Checking Up – Breast Cancer Awareness Month helps save lives

Morgan Profumo

Morgan Profumo

Being a survivor means you’ve fought and emerged alive. The National Breast Cancer Foundation estimates that 180,000 women this year will be survivors of the second leading cause of death among women.

During October, our nation fights exceptionally hard to make all women aware that taking steps to detect breast cancer is imperative to their health. National Breast Cancer Awareness Month is set in place to ensure all women have the knowledge necessary to detect breast cancer early.

Breast cancer, according to the National Breast Cancer Foundation, is a disease in which malignant, or infectious, cancer cells form a mass of cells called a tumor in the breast tissue. If the mass of cells is detected early enough, it can be treated more effectively, and this can save the patient’s life.

Statistics show that one in eight women in the U.S. will be diagnosed with breast cancer; this is approximately 220,000 women per year. Of these cases, more than 40,000 end in death.

Although instances are rarer, men are also at risk for developing breast cancer. The National Breast Cancer Foundation states that each year there will be approximately 2,150 cases of breast cancer in men, and an estimated 410 will lead to death.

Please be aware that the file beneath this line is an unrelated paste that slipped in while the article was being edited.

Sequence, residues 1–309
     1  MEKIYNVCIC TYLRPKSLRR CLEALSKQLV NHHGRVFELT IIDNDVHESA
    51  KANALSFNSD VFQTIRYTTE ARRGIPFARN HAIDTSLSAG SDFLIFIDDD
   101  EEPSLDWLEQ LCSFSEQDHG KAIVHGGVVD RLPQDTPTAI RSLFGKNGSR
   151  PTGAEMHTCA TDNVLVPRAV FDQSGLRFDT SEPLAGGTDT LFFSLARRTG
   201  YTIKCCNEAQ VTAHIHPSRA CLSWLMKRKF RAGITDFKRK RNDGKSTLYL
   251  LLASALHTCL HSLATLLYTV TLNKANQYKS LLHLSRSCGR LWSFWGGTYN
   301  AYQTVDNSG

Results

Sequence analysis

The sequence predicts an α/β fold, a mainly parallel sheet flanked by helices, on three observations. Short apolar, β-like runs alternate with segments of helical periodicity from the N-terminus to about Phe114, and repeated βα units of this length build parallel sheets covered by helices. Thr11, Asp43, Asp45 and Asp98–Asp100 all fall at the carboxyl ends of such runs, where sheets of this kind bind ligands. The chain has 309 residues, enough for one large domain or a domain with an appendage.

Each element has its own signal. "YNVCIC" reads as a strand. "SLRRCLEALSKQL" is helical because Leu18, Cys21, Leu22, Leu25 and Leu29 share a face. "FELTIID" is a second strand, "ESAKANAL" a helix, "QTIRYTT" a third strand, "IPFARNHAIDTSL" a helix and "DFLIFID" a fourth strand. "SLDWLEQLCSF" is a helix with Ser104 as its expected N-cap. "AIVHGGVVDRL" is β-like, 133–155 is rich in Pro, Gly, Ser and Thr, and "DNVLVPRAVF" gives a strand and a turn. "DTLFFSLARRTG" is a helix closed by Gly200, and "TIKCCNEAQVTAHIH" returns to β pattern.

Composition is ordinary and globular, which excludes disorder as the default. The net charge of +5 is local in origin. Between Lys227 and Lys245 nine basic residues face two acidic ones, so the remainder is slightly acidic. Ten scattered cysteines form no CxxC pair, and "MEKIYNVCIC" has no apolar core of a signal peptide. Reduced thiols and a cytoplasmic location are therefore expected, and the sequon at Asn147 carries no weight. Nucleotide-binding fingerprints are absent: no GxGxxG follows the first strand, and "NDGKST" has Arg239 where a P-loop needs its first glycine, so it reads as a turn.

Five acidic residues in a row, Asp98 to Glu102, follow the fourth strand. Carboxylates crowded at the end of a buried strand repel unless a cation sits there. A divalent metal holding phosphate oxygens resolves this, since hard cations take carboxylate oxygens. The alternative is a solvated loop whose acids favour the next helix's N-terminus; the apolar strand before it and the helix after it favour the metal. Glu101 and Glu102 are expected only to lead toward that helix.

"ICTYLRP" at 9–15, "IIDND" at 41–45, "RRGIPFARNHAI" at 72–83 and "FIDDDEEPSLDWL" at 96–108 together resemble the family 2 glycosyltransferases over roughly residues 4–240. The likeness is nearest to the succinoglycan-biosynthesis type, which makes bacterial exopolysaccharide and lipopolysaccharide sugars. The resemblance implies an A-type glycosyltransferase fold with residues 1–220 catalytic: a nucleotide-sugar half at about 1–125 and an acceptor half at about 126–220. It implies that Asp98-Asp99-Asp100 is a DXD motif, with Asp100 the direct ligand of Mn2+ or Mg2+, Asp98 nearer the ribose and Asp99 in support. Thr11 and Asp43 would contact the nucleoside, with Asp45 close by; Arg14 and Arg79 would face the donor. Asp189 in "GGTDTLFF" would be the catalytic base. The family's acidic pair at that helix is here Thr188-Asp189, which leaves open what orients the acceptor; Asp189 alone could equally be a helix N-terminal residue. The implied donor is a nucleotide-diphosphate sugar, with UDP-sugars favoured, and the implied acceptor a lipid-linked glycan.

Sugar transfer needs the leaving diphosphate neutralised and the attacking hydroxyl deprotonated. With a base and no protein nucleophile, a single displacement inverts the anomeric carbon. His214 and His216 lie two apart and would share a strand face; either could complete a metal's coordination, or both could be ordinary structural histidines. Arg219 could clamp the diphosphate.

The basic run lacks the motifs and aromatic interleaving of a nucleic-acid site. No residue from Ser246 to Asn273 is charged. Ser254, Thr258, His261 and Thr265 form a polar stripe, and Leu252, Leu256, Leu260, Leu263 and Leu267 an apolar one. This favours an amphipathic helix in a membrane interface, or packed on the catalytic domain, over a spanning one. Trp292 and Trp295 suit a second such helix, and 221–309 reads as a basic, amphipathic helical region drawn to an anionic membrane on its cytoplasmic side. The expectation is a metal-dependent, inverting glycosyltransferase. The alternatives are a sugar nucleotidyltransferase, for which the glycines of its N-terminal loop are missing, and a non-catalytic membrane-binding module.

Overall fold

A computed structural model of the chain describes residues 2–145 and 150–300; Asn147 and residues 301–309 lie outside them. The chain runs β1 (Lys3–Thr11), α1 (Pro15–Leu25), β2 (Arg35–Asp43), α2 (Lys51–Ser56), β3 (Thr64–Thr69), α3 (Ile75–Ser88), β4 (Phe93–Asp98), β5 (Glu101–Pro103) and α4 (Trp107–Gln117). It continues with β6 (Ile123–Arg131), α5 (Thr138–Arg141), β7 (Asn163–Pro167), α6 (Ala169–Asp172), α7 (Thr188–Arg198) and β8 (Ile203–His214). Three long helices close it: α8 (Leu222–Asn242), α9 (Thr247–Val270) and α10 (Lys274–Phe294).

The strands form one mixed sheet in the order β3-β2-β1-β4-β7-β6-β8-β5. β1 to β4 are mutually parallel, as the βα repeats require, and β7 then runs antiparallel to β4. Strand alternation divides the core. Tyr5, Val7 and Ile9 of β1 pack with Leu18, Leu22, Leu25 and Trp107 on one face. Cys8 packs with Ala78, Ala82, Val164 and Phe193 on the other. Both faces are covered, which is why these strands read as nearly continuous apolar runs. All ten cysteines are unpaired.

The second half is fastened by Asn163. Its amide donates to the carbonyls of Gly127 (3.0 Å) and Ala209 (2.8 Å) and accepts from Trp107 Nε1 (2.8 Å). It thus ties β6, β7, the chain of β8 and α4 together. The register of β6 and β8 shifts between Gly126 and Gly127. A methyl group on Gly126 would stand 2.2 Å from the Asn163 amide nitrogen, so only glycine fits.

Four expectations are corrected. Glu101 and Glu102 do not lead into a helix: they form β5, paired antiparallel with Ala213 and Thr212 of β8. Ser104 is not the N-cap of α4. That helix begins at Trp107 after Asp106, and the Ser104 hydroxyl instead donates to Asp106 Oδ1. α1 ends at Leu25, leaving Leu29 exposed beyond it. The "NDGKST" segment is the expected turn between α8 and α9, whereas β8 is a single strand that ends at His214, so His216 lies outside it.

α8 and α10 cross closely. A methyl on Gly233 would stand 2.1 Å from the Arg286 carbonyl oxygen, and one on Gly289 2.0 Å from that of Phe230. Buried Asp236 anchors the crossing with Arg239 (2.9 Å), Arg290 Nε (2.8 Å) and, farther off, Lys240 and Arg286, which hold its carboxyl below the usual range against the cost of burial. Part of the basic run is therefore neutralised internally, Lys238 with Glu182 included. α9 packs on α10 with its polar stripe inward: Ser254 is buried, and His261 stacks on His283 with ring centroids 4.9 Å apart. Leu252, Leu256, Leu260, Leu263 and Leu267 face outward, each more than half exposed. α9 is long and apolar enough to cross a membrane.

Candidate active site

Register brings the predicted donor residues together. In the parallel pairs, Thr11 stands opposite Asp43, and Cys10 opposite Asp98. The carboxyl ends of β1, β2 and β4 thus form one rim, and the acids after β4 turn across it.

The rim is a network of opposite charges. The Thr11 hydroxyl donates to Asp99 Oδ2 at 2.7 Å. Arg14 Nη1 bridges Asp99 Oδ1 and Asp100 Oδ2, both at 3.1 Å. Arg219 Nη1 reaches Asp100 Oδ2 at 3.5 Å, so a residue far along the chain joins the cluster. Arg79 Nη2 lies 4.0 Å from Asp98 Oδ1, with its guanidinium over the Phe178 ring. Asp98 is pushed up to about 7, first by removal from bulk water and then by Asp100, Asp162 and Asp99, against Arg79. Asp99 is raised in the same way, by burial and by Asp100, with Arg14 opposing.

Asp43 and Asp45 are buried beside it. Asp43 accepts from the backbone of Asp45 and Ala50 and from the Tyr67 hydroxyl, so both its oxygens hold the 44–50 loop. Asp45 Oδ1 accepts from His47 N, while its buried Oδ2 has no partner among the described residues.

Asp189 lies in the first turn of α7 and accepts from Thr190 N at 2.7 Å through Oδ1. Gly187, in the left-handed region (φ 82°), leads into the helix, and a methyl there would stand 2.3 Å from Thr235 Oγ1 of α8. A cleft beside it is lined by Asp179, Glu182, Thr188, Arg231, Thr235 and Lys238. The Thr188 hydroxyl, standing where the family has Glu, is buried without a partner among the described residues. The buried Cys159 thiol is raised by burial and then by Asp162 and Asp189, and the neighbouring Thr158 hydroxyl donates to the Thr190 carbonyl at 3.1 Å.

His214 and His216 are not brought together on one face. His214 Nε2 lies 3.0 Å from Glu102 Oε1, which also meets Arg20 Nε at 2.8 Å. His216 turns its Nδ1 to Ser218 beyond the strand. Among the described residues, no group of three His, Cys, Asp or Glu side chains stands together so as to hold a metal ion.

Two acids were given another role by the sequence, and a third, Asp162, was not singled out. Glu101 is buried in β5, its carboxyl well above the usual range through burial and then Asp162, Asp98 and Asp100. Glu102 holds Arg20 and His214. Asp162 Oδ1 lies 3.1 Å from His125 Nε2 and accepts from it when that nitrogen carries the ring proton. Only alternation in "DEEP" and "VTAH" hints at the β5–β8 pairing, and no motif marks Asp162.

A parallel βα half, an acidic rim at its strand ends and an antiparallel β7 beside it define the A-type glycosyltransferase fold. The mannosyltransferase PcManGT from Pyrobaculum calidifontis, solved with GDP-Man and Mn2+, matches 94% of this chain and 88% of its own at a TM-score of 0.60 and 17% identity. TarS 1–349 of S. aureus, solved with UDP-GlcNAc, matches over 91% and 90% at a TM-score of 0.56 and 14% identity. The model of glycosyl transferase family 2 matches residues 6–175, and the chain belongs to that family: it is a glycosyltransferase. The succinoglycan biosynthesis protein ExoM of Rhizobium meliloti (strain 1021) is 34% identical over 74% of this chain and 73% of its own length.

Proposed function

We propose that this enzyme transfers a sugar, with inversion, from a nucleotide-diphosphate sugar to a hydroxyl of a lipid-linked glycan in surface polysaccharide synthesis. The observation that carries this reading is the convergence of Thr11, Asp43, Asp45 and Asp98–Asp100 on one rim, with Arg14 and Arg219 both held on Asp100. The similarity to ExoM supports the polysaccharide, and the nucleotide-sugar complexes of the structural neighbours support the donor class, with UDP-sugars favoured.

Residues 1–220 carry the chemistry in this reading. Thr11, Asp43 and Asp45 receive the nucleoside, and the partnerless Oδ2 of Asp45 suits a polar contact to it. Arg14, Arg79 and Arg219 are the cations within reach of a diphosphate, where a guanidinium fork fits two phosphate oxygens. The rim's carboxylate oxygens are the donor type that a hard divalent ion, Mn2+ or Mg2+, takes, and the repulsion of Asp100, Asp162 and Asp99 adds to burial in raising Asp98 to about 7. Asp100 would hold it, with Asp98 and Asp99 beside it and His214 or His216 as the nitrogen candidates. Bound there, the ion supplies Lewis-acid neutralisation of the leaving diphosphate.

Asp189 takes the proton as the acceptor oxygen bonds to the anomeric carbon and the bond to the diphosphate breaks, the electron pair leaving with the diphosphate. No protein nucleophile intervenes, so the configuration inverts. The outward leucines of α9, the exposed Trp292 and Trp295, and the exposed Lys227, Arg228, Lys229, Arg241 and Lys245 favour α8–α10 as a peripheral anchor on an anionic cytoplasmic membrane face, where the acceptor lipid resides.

The severity and prevalence of this disease are enough to scare anyone. You may want to examine yourself occasionally for symptoms of breast cancer. The American Cancer Society advises that you should look for common symptoms such as a lump in your breast, swelling around your breast or armpit, skin thickening or redness, itching around the breast and pain.

A few risk factors can increase the probability of developing breast cancer. According to the American Cancer Society, the only cause that is fully understood is the role of genetics. If you are genetically predisposed, the chance of obtaining breast cancer relies on whether or not you inherit the gene mutation. If you know you are a carrier of the mutated gene, you can take preventative steps like surgery that minimizes the risk of development. The other way to prevent breast cancer is to self-examine and attempt to catch the cancer early enough to undergo treatment and obtain successful results.

On campus, organizations are raising their voices to make students aware of breast cancer, its causes and early detection benefits. TopperWell, a peer-health organization, created a human ribbon on Wednesday that showed its support for breast-cancer awareness. Megan Johnson, a peer-health educator for TopperWell, said the human ribbon was important because it created awareness of breast cancer on campus.

Being aware of the symptoms and causes of breast cancer may help people detect breast cancer early enough to cure it. This can help decrease the number of lives that are taken by cancer and increase the number of survivors.